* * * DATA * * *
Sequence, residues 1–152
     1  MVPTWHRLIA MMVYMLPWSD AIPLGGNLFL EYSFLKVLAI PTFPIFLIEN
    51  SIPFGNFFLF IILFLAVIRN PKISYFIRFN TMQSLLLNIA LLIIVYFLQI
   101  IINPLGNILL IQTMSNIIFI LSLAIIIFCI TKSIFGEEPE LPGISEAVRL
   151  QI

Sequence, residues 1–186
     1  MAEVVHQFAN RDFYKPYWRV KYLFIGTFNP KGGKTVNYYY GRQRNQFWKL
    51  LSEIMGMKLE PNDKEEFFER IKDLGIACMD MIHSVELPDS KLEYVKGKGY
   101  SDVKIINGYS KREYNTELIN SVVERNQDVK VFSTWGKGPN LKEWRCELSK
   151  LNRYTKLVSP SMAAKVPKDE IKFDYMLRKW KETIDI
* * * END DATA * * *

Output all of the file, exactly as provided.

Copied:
Sequence, residues 1–152
     1  MVPTWHRLIA MMVYMLPWSD AIPLGGNLFL EYSFLKVLAI PTFPIFLIEN
    51  SIPFGNFFLF IILFLAVIRN PKISYFIRFN TMQSLLLNIA LLIIVYFLQI
   101  IINPLGNILL IQTMSNIIFI LSLAIIIFCI TKSIFGEEPE LPGISEAVRL
   151  QI

Sequence, residues 1–186
     1  MAEVVHQFAN RDFYKPYWRV KYLFIGTFNP KGGKTVNYYY GRQRNQFWKL
    51  LSEIMGMKLE PNDKEEFFER IKDLGIACMD MIHSVELPDS KLEYVKGKGY
   101  SDVKIINGYS KREYNTELIN SVVERNQDVK VFSTWGKGPN LKEWRCELSK
   151  LNRYTKLVSP SMAAKVPKDE IKFDYMLRKW KETIDI